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java – Map.clear() vs new Map : Which one will be better?

Posted by: admin March 11, 2020 Leave a comment

Questions:

I have a Map as syntax as Map<String, String> testMap = new HashMap<String, String>();.
In this map there can be 1000 data.

When my application requires to new list of data, then I must clear the Map. But when I saw the code of Map.clear() as

/**
     * Removes all of the mappings from this map.
     * The map will be empty after this call returns.
     */
    public void clear() {
        modCount++;
        Entry[] tab = table;
        for (int i = 0; i < tab.length; i++)
            tab[i] = null;
        size = 0;
    }

I realize that clear method goes in loop for n times (Where n is number of data in Map). So I thought there can be a way to redefine that Map as testMap = new HashMap<String, String>();
and previously used Map will be Garbage collected.

But I am not sure this will be a good way. I am working on mobile application.

Can you please guide me?

How to&Answers:

Complicated question. Let’s see what happens.

You instantiate a new instance, which is backed with new array. So, garbage collector should clear all the key and values from the previous map, and clear the reference to itself. So O(n) algorithm is executed anyway, but in the garbage collector thread. For 1000 records you won’t see any difference.
BUT. The performance guide tells you that it is always better not to create new objects, if you can. So I would go with clear() method.

Anyway, try both variants and try to measure. Always measure!

Answer:

When you say Map.clear() on a Map of size n… You are asking the GC to clean up 2*n (Key & Value) objects. When you say null to the same Map, you are asking the GC to clean up 2*n+1 (1 for the Map itself) objects. Then you will have to create a new Map instance yet another overhead. So go for Map.clear(). You will be wise to preset the size of the Map while instantiating it.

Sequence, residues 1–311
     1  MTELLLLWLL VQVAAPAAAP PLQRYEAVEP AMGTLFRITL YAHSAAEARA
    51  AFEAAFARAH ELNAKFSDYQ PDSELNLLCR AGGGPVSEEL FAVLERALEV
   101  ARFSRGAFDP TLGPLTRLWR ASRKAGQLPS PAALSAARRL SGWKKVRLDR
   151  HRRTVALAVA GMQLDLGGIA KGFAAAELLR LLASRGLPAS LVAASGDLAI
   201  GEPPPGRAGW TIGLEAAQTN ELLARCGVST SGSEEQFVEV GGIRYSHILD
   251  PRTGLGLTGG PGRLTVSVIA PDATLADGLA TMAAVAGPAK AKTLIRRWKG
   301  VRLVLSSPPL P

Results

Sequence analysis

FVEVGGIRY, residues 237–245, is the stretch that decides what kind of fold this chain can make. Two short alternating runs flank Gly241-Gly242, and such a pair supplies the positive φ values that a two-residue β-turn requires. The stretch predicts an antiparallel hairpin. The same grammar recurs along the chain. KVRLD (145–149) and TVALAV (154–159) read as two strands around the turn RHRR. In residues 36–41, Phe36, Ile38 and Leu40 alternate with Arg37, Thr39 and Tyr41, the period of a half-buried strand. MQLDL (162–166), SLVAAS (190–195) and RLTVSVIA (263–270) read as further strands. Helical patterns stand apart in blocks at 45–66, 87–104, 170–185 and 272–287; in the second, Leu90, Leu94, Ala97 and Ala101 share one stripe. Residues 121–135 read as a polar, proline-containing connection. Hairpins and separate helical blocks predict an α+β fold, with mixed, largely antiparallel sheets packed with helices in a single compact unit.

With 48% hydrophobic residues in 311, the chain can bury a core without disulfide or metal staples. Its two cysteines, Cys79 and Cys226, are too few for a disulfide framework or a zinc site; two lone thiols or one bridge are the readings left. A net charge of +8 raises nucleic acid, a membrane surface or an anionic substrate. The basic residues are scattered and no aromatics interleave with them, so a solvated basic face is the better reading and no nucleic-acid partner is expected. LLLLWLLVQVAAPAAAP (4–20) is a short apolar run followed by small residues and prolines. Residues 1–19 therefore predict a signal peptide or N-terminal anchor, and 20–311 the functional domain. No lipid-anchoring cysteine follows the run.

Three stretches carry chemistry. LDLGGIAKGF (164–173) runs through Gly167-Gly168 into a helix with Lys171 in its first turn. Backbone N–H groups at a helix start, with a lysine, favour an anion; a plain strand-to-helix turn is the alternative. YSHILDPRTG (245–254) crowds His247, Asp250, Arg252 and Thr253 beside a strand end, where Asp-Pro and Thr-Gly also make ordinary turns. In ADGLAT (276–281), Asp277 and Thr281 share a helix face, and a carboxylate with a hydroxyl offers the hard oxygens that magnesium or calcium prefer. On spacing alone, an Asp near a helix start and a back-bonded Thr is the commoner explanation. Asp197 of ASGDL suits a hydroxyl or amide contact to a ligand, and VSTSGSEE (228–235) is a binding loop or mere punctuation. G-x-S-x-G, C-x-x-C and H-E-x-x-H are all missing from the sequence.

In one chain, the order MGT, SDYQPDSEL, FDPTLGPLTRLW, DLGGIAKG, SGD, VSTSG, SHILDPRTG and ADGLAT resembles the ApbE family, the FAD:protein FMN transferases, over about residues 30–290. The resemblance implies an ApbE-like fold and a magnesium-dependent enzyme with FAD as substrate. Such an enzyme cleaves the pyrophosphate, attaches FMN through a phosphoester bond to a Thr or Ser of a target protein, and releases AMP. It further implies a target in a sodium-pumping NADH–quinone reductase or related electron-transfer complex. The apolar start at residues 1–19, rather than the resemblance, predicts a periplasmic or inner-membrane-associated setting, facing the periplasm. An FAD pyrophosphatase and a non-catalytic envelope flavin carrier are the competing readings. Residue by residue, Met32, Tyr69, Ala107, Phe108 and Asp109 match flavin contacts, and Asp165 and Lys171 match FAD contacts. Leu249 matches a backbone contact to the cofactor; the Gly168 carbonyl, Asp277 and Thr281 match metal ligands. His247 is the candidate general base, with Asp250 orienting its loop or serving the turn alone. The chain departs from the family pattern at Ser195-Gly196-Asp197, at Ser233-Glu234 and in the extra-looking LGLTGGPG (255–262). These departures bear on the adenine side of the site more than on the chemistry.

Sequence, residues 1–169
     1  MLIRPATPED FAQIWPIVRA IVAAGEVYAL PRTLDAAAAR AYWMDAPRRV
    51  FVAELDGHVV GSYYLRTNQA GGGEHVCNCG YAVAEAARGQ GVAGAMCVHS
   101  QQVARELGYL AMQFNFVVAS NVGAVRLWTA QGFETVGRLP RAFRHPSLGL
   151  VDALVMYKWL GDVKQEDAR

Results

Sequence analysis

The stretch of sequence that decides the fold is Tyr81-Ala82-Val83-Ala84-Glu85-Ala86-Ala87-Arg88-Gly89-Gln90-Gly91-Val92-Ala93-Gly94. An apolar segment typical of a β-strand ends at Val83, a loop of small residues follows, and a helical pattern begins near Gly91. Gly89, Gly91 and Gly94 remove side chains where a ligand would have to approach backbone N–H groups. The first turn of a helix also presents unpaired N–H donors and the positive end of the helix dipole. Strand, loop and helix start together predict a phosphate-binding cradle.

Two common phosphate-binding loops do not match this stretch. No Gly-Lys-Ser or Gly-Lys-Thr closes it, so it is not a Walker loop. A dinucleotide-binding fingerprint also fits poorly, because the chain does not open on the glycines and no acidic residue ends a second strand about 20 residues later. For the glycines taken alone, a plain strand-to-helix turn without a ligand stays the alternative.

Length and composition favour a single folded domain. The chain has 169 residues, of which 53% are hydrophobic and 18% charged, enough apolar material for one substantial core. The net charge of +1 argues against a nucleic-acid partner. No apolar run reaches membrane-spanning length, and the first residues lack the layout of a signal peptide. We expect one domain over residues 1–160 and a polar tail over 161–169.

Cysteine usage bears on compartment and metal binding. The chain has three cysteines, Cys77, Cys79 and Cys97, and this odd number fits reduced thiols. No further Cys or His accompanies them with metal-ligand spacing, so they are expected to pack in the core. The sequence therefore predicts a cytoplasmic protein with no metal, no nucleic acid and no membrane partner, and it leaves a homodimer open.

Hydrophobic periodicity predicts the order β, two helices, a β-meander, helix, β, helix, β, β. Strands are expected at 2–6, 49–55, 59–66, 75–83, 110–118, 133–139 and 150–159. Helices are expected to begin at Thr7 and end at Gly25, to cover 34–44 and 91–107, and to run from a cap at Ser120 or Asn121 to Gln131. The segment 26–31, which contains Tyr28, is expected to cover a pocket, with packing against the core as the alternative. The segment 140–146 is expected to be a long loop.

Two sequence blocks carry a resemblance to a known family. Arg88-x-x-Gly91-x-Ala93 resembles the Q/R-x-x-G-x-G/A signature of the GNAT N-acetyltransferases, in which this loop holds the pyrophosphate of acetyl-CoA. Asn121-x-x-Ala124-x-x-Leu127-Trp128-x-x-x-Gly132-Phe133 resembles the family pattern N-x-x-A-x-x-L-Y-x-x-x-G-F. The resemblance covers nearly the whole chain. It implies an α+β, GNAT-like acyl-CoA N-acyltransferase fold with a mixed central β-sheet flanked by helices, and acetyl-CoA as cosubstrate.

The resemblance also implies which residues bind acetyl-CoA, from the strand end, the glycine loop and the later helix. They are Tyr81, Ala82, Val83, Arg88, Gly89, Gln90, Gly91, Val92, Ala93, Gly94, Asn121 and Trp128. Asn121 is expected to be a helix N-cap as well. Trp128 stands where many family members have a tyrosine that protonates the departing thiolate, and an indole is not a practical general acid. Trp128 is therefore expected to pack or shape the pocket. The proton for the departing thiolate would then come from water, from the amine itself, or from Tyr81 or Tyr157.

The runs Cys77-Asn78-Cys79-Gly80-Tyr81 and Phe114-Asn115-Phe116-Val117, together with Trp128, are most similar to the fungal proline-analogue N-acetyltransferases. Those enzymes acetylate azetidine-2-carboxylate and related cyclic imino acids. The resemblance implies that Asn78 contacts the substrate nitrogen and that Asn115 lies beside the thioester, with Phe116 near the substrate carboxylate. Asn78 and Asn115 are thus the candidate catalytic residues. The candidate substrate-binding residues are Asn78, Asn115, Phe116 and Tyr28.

Answer:

I thought Creating object in java more expensive in terms of memory,so it is better to you go with .clear(),so you are using same object instead of creating new one

Answer:

The idea of having clear() method is to remove references to other objects from the map, so that the key/values are not held up from gcing if the “map is referenced somewhere else”.

But if your map is a local map only used by your specific code( i.e. “map is ‘not’ referenced somewhere else”) then go ahead and use a new map instead, but setting a 1000 references to null wont be a big performance hit anyway.

Answer:

don’t forget the repopulation of the map

if you don’t specify the capacity on the new map you will get quite a bit of overhead on the newly created map because of rehashes (which each are O(n) (at the time) and happen O(log(n)) times while this might amortize to O(n) total but if they don’t happen in the first place you will still be better of)

this won’t happen with the cleared map because the capacity doesn’t change

Answer:

The map.clear() that will remove all data. Note that this will only discard all entries, but keep the internal array used to store the entries at the same size (rather than shrinking to an initial capacity). If you also need to eliminate that, the easiest way would be to discard the whole HashMap and replace it with a new instance. That of course only works if you control who has a pointer to the map.

As for reclaiming the memory, you will have to let the garbage collector do its work.

Are your values also Long? In this case, you may want to look at a more (memory-) efficient implementation than the generic HashMap, such as the TLongLongHashMap found in the GNU Trove library. That should save a lot of memory.

Answer:

I think calling new HashMap() is a better idea since it will not have to do as much processing as clearing the hashmap. Also, by creating a new hashmap you are removing the chance that the hashmap may still be binded to the control that uses the data, which would cause problems when the hashmap is to be cleared.